Friday,22 February, 2019
Current issue | Issue 1364, (12 - 18 October 2017)
Friday,22 February, 2019
Issue 1364, (12 - 18 October 2017)

Ahram Weekly

Deus vult

Hani Mustafa previews The Sultan and the Saint

The end of the 11th century was rife with religious conflict. On the one hand there were internecine battles within Islam, associated with the fall of the Ismaili Fatimid Empire and the rise of the Sunni Ayyubids in Egypt and Greater Syria, but on the other there were the Crusaders who, for some two centuries, used Christianity as a pretext to usurp control of Jerusalem and the surrounding region. The Crusades have given rise to endless stories of war and violence, but they were also an occasion for stories of tolerance and dialogue that went beyond doctrinal or ideological differences. One of these is the meeting of a monk and an Ayyubid sultan in the course of the Fifth Crusade.

In collaboration with the Cairo-Baltimore chapter of the Sister City International, Al-Ahram Weekly is today screening The Sultan and the Saint, a docudrama produced by Unity Productions Foundation that won 18 prizes in US festivals. The Weekly hopes to start a conversation that will help build bridges with cultural institutions in the West.

The film depicts the meeting of Sultan Al-Kamil Mohamed and Saint Francis of Assisi during the siege of Damietta in 1220. Filmmaker Alexander Kronemer tries to establish the central idea by returning to the origins of the religious conflict at the end of the 11th century. The script moves from dramatised scenes to interviews with Islamic and Christian studies scholars and historians and back again, tracing this idea in the history of the Middle East and Europe. The opening scenes show how peasants in Europe were recruited and mobilised in defence of religious ideas and on the basis of demonising the other whether Muslim or Jewish, both of whom were infidels by definition, and the film goes on to show how religious bigotry reached an apex under Pope Urban II. The dramatic scenes rely on precisely chosen costumes and sets, as if they transported the viewer from the abstract conversation to historical reality.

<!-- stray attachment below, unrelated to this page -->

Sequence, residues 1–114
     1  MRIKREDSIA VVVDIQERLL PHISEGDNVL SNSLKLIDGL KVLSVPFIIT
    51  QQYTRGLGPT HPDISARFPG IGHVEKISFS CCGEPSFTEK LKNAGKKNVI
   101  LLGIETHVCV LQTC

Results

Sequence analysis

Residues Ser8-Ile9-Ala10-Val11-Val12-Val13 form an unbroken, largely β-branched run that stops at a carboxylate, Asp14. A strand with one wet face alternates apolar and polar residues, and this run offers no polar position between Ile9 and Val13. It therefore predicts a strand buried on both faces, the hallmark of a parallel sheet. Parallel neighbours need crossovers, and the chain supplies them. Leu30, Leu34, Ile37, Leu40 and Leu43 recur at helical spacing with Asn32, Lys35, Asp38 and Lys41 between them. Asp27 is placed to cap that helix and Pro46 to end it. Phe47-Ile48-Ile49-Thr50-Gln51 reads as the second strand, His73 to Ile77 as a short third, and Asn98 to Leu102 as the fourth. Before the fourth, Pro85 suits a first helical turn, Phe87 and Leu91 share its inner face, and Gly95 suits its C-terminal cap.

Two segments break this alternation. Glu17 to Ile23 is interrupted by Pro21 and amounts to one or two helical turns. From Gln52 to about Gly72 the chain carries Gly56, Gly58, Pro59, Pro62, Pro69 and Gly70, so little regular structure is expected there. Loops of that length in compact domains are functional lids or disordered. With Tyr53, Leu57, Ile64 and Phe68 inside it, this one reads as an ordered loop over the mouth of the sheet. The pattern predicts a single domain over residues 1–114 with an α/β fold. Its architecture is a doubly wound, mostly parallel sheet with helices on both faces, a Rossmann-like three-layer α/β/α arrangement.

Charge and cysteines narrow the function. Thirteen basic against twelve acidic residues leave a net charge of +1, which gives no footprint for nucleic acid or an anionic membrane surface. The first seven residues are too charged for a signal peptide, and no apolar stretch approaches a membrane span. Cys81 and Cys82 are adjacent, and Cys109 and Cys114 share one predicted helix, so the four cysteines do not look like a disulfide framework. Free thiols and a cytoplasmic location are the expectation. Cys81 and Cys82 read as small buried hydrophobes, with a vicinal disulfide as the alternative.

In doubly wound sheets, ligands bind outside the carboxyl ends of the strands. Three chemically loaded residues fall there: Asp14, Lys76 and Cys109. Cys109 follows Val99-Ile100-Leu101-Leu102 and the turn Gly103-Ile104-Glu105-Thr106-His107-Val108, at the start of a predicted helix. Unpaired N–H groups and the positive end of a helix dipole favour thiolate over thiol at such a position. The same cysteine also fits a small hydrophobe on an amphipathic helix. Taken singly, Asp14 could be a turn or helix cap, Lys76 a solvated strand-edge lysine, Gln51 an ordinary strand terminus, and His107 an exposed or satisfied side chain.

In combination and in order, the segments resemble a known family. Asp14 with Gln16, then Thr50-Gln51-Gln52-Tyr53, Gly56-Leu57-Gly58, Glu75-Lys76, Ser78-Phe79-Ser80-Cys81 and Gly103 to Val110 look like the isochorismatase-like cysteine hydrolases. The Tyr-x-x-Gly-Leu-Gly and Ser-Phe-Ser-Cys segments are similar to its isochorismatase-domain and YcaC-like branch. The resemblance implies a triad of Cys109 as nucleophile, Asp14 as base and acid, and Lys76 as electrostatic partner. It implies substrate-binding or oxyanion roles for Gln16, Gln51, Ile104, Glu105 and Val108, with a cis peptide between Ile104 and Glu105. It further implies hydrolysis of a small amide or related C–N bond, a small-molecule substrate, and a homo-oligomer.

The film also depicts the rise to power of Sultan Al-Kamil, the nephew of Salaheddin who founded the Ayyubid dynasty and unified Syria, Egypt and the Hijaz. In so doing it shows how Al-Kamil was brought up on the values of tolerance within Islam though by the time he took the throne 20 years later the signs of fanaticism had begun to appear on the horizon. In one scene a mob of Muslims are calling for rebuilding a mosque in place of an existing and valuable church when Al-Kamil explains to them there had never been a mosque in the area and that the lie was spread in order to generate conflict. Though someone pelts him with a stone, he manages to control the crowd and has the Muslims return to their homes. 

Also told is the story of how Francis, an ordinary upper class Italian citizen, the son of a silk merchant who aspired to being a knight and lived a life of luxury and pleasure, turned into a friar, a monk and a missionary. This happens when, during his first experience of a minor battle at home, he is shocked by the violence and sobered when he is abducted and released for a ransom. By then Pope Innocent III has called for pooling efforts to organise the Fifth Crusade, led by the papal legate Pelagius, using the same racist and inciteful discourse. Francis joined the crusade in the hope of doing missionary work and calling for peace. 

Deus vult

The crusade lay siege of Damietta and hundreds of soldiers were killed in the attempt to repel it. Only then did Sultan Al-Kamil decide to negotiate, especially since internal affairs made resuming war impractical. When Pelagius refused Al-Kamil’s initial ceasefire conditions Francis volunteered to visit the Muslim camp to see what he could do. 

Both lines of the film thus build up to the moment the saint and the sultan meet, and it turns out that both believe in humanity and tolerance and are willing to see their Abrahamic common ground and need not result in bloodshed. This is the film’s focus, which it serves admirably, telling a human and historical story regardless of its long-term effect on the course of history. For even though this meeting did result in a peace treaty between the two camps, racism and hate speech were far from over — and even now whether among adherents of the Abrahamic religions or others, such conflicts persist. Yet the example of the sultan and the saint affords a possibility and a hope.

Al-Ahram Weekly is today screening The Sultan and the Saint at the Naguib Mahfouz Hall, 7pm.

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